I remember the first time I came across a working player piano. At first I didn’t know that it was any different from a regular piano, the doors over the keyboard which hid the secret of the piano's workings were closed, all I could see was the typical eighty-eight keys and two peddles. Then the friend of my family who owned the machine sat at the bench and began to play, and had only played a few bars when he lifted his hands, and lo and behold if the keys didn't keep playing on their own.
Of course he was still pumping merrily away on the foot pedals when he reached out and slid the doors open that had hidden the piano roll from view. I remember thinking that the apparatus reading the scroll reminded me of pictures I had seen of people reading braille. As far as I can recall there were two or three metal arms that traced a series of bumps and cuts, and they somehow were translating that into instructions the piano was able to turn into music.
I was fascinated by the machine and would have spent countless hours playing the same tune over and over again if given the opportunity, and remember being bitterly disappointed finding out that the friend of the family had disposed of the piano. Lacking any musical skill, the player piano represented an opportunity to at least feel like I was playing an instrument. So ever since, I've always been on the lookout for another to play.
Although they still make the rolls for player pianos, they have become increasingly hard to find. Their heyday was from the late 1880s to the the 1930s when millions of them were made. According to the folk at Delmark Records who have begun the process of transferring some of the old scrolls onto CD, there were two types of the scrolls made during this period. The earliest type were drawn by hand by skilled musicians, but by 1915 most of the companies had developed recording equipment that allowed a piano player to sit at a specially equipped piano and create the rolls that way.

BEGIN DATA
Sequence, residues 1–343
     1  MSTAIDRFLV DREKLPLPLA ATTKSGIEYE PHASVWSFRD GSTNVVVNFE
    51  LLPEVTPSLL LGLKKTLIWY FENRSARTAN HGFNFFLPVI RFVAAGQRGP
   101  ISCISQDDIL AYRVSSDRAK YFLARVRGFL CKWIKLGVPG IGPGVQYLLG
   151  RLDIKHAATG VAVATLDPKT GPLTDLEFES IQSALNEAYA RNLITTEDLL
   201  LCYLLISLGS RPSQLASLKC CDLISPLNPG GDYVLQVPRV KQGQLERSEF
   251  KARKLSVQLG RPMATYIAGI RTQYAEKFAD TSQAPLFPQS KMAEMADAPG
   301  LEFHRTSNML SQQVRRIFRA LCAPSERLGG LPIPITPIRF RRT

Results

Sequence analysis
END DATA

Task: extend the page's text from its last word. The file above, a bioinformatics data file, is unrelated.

In fact the quality of these recordings was so good they far surpassed the results achieved from using the primitive audio equipment of the day. It's because of these rolls that we have records of some performers whose work as a soloist would be lost. Jimmy Blythe was known as a great accompanist, playing with such luminaries as Ma Rainey and in small combos around the south side of Chicago. But he also recorded over two hundred piano rolls for what was first The Columbia Music Roll Company as well as under their new name of Capitol.
Very little is known of Jimmy Blythe outside of the fact he was a prolific piano player who died young, around the age of thirty, from meningitis. But from the time he showed up in Chicago in 1919, from his native Kentucky, he was incredibly busy. There are at least forty copyright entries in his name with the Library of Congress, signifying music he had composed.
Jimmy Blythe, Messin' Around Blues, is the first release in Delmark Records' new series of enhanced pianola roll recordings that have been digitally re-mastered from the original rolls (borrowed from the private collection of Bill Burkhardt). produced by Ed Sprankle, and restored by Frank L. Himpsl. Mr. Sprankle’s participation is significant because he was the original producer of the material. While single piano rolls were sold with the name of the performer and the composer written on them, it is more difficult to figure out the provenance of the old Nickelodeon roll with ten songs on each scroll. It's been the work of musicologist Mike Montgomery that has assured the identification of individual performers on those rolls, and it was through him that a number of the songs on Messin' Around Blues were identified as being performed by Jimmy Blythe.